Isaiah’s wife, “the prophetess,” is among the many unnamed people in the Bible. Though her words and her gifts are lost to us, we can speculate about what she might have said in her unique voice, responding to God’s revelation.
“Child to come, I will be in my grave long before you are born. I will have no name, but you will have many. I live in the shadow of my husband, but there will be no shadows to obscure you. My words will be forgotten, but your words will be remembered. My story will vanish into obscurity, while your story will be told forever.
“Child to come, I am a mother. I have sons, and I pray urgently for you just as I pray for them. I pray that you will live into your many names. I pray that you will be wise and compassionate and courageous. I pray that you will grow strong in body and in will, so that your shoulders will be broad enough to take on all the yokes, bars, and rods that are oppressing God’s people. I pray that you will always stay true to your calling and that you will never lose trust in God. I pray that the days of laughter in your life will outnumber the days of grief. I pray that when pain comes to you, God will give you endurance. I pray that your life will bring hope to people who are living without it, and that when you come to die, the hope you engender will live on beyond your death. I pray that you will be a beacon of light for everyone around you.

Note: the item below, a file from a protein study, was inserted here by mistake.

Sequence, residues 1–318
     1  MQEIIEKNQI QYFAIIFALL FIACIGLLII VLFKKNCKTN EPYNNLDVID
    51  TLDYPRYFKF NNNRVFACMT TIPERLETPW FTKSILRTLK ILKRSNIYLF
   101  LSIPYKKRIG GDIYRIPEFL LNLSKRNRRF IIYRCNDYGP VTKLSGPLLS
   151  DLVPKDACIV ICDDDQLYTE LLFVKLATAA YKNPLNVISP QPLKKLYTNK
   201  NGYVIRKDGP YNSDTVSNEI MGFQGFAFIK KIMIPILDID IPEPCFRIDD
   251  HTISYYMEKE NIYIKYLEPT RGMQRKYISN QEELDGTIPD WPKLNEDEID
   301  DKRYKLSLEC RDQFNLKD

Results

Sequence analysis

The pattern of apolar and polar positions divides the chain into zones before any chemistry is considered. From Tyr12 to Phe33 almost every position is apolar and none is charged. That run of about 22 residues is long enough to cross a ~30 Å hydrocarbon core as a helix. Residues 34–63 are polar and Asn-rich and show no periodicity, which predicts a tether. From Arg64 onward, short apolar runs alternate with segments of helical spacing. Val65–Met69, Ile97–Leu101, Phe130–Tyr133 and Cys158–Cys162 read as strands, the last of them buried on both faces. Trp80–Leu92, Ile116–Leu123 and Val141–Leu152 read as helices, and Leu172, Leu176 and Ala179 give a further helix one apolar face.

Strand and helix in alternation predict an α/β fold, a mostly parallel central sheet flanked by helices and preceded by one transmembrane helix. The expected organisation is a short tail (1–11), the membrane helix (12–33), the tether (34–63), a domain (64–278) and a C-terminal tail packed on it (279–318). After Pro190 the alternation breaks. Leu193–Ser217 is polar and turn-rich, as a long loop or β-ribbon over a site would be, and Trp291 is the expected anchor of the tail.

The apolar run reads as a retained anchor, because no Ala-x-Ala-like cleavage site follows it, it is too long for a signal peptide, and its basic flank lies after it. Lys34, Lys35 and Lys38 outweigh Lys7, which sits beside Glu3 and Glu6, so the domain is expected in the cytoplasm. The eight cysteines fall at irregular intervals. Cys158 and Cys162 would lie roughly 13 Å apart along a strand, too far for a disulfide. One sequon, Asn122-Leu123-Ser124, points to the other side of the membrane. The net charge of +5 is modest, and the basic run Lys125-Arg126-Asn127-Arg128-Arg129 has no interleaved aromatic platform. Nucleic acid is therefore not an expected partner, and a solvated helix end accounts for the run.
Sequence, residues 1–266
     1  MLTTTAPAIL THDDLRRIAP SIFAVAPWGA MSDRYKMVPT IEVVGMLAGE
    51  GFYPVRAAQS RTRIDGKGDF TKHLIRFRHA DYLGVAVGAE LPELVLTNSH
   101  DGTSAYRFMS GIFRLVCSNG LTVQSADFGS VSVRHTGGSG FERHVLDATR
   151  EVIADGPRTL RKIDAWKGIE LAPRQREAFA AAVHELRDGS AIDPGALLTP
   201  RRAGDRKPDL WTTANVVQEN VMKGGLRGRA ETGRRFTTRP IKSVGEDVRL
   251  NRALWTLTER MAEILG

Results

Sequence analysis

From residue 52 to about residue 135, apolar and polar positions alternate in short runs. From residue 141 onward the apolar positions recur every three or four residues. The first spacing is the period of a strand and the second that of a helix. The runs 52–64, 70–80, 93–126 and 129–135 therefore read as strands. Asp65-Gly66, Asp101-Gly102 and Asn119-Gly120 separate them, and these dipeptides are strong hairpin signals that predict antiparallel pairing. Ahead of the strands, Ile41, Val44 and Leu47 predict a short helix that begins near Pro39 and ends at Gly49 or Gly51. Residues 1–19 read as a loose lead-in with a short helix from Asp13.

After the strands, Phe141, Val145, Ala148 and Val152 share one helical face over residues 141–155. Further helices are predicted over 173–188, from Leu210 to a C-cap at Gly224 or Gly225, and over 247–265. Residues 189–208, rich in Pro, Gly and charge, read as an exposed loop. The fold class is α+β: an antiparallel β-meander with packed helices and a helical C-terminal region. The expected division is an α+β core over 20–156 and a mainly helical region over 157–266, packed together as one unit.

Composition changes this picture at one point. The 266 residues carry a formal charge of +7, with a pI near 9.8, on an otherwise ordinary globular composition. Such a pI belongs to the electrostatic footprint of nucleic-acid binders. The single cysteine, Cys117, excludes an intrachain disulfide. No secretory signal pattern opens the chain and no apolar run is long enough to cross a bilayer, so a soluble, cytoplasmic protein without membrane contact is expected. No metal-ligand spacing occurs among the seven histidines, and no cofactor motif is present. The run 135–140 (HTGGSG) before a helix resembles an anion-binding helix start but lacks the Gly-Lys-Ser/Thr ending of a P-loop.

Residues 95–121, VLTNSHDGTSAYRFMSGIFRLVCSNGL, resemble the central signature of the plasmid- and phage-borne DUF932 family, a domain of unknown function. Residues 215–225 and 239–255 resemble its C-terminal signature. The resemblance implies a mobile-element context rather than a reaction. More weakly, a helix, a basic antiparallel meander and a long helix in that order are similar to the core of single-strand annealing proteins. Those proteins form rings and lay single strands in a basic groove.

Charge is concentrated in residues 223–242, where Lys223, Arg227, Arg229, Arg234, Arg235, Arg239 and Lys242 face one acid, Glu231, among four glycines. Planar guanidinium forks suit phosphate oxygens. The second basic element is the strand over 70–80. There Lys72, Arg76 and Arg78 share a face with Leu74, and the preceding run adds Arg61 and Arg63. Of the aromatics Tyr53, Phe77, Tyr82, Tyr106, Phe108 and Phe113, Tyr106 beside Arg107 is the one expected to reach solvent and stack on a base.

“Child to come, I whose name is known only to God, a voice from the past, am praying for you now, praying across time. May God hear my prayer, watch over you, and bring you peace.”
What can we learn from the unnamed characters in the Bible?
God help us listen for voices that have been silenced and marginalized. Let their music fill our ears and enliven our hearts. Amen.